I’ve used a macbook to write and do email while on the road for several years. During my current visits to Turkey and Israel, I plan to use an ipad for the first time to review video with our students. And by next month I expect I’ll also be using an iphone to shoot that video. My conversion to using those as coaching tools is due in part to how well they can perform those functions, and in part by my desire to pay tribute to Steve Jobs’ vision.

Think Different. Swim Different too.

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One Response to “Remembering Steve Jobs”

  1. Steve Howard says:

    Terry,

    I enjoyed your article about Steve Jobs and Apple. As an engineer, I have been involved with the development of many innovative designs. In my world, the Apple iPhone is one the most amazing and useful computer systems I have ever used. It allows me to type emails, look at Word documents, spreadsheets and even engineering drawings. It is an engineering calculator, a IPod, provides weather, the phases of the moon, a ramp to the internet, a GPS navigation device, a camera and movie recorder and even allows me to track my swimming workouts. I could go on forever but my wife Debbie would say “We get the Idea – don’t be so wordy!!”. I have recently installed two Apple Mac computers at our Engineering Office, which has a sophisticated 20 + computer Microsoft based server/network. In the scientific world Apple computers have always been very useful. I see even greater potential for Apple computers based on the ever expanding capabilities of Apple iPhone.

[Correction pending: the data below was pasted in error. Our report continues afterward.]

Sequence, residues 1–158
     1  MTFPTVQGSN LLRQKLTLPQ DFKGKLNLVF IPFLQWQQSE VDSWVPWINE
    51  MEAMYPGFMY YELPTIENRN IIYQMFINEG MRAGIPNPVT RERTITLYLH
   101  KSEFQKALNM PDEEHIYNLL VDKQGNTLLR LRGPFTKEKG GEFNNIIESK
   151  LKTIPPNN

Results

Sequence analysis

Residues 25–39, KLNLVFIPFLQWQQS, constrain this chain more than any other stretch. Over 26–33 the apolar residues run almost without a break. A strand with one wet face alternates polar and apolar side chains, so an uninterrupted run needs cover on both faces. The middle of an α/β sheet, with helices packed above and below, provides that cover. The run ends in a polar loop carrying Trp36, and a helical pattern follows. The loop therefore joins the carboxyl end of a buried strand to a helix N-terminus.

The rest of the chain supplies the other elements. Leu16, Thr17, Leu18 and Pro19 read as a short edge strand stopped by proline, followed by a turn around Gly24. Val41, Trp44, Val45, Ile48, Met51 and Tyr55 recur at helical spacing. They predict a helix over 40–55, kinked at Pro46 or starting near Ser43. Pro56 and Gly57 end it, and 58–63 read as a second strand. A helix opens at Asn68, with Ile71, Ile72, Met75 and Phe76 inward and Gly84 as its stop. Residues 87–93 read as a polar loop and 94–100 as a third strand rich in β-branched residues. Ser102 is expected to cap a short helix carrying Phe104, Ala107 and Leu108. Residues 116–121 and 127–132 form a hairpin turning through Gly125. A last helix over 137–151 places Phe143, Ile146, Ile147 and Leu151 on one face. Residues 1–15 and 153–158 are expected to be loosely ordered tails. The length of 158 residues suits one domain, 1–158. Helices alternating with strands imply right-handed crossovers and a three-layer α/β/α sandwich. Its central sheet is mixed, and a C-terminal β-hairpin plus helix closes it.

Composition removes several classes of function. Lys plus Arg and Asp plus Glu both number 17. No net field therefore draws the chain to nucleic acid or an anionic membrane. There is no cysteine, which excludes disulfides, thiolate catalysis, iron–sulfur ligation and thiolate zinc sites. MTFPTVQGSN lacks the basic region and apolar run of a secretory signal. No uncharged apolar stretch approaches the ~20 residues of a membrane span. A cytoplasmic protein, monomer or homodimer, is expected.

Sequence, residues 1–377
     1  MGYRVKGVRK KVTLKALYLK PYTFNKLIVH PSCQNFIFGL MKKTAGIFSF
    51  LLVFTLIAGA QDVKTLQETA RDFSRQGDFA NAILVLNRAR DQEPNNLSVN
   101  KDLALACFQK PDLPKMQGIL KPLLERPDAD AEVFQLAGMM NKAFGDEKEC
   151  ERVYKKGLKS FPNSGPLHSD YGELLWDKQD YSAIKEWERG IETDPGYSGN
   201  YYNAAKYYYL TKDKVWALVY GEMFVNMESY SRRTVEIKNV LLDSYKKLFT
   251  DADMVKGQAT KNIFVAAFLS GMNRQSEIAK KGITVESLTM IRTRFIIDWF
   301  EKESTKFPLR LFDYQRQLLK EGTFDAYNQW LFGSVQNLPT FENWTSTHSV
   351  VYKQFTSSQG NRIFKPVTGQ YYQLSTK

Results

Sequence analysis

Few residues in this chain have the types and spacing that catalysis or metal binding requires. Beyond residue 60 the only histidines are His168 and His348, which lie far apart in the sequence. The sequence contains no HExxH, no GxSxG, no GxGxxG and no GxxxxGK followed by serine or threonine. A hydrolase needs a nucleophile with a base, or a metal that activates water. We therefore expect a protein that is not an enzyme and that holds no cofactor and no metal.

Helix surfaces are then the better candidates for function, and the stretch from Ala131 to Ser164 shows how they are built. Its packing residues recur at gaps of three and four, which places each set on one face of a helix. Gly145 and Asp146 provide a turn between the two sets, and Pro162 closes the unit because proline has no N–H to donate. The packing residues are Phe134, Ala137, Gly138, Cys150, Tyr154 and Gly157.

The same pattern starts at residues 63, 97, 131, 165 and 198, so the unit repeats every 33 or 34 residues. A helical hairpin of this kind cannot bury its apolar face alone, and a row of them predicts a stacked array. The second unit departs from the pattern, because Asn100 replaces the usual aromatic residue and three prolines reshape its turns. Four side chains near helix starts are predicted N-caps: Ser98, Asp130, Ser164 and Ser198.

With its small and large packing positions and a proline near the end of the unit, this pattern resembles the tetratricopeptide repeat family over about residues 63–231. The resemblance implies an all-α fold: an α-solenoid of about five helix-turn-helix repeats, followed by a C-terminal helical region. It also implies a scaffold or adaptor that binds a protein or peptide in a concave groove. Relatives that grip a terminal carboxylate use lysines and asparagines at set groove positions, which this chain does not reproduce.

For me, Like the Apple iPhone – Total Immersion is highly innovative – cutting edge technology. There are numerous Total Immersion advantages and benefits both in the water swimming and also out of the water. As you mentioned, TI has helped many (such as myself), first to get across the pool, then swim a mile and then swim 2.4 miles and beyond. Total Immersion has given me the skill and confidence to complete a 6 miles and 6.25 mile swims and most recently complete a full 140.6 Ironman. Most importantly, the Total Immersion drills help me to engage my brain to control the complex balance requirements of my body in the water and timing motions with my legs and arms. The continued brain development helps me to function better at the office. So when I practice TI drills, I feel that the drills are as much or more mental engineering exercises, as they are physical training. I look forward to many years of practice and incremental improvement for the rest of my life!

    Respectfully – Steve Howard